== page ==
Cruising the Intracoastal Waterway (ICW)
from Virginia to Florida is a bucket list dream for many cruisers. While the prospect of making the trip of more than 1,000 nautical miles may seem daunting, it needn’t be intimidating. Essentially it is just a series of day trips, and each year thousands of cruisers make the run. Here are a few ideas to keep in mind to make planning and executing this trip easier.
If it helps, and it may not, you can think about navigating the ICW as a four-dimensional chess game. You monitor your boat east and west along the X axis while also monitoring your position north and south on the Y axis. You will have to deal with the Z axis, height, as well. You’ll need high water to transit shallow spots, and you may need low water levels to pass under certain bridges. The fourth dimension is time. In addition to managing your time in order to cross shoal areas with enough water depth, you must manage your approach to restricted bridges not only based on water height but also to ensure your passage is compatible with their opening schedule.
Traveling south in late fall, daylight lasts only 10 hours. To optimize the time, most cruisers have the lines in at “crack of dawn” (COD) and plan to be off the water with an hour or two of daylight left. This allows them to travel between 40 and 70 nautical miles each day. At that pace, completing the ICW would take three to four weeks, provided you do not stop. But that would be a grave mistake. There are so many interesting towns and villages on the way and several beautiful anchorages off the beaten path. Allow yourself time to enjoy the trip. Slow down. Slow down some more. You’ll be glad you did.
There are four components to successfully piloting the ICW: navigation, tides and currents, provisioning your boat, and the all-important weather.
Coastal piloting and navigating has never been easier. Chartplotters, tablets, electronic features such as AIS, and nearconstsant access to the internet makes it far easier to move your boat along the coast. The following tools and protocols are essential to planning and executing this voyage safely.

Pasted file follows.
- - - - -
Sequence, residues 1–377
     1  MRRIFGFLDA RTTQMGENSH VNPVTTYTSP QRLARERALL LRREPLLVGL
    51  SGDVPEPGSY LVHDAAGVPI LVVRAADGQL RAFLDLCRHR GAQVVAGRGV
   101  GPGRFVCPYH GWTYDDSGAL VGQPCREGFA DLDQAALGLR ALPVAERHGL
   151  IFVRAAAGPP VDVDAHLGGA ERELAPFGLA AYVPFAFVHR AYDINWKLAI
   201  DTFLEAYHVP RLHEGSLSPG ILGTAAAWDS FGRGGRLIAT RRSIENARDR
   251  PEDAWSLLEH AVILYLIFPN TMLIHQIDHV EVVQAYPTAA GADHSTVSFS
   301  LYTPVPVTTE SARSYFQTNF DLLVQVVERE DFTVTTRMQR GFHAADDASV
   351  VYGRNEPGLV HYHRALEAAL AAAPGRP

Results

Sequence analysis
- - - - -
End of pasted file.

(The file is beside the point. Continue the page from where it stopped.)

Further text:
While you can make the trip with paper charts, electronic charts are far easier to update. There are few places more dynamic than the section of the ICW through the Carolinas and Georgia, and you must have the latest charts in order to
safely navigate this stretch. The USCG frequently moves navigation aids and NOAA updates the charts. In the ICW there are many areas where the marks are moved by the USCG as needed. It is easy to misread the navigation aids, particularly when they are not where you expect them to be.
Today’s tablets can serve as fully functioning chartplotters. Navionics’ Sonar Charts have proven to be very useful to us. These charts have updated depth readings from crowd sourced data collection.
The magenta line is not intended to be used as a chartplotter route! If you follow it as though it were, you will run aground.
Be sure your depth finder is checked and calibrated. In some places, this trip is a game of inches.
Time to Waypoint (TTW)
Many chartplotters have this functionality. The “Auto Route” function in Navionics is very easy to use. The TTW will allow you to manage your approach to a bridge, lock, or a shoal spot so that you arrive at the desired time and spend minimal time circling in front of a bridge.
Whether you choose an online cruising guide or a print guide, cruising guides are written by other cruisers who have gone before. Guides generally reference the towns, bridges, and other sites by
Isle of Hope, Georgia; a pristine location with an excellent marina near Savannah.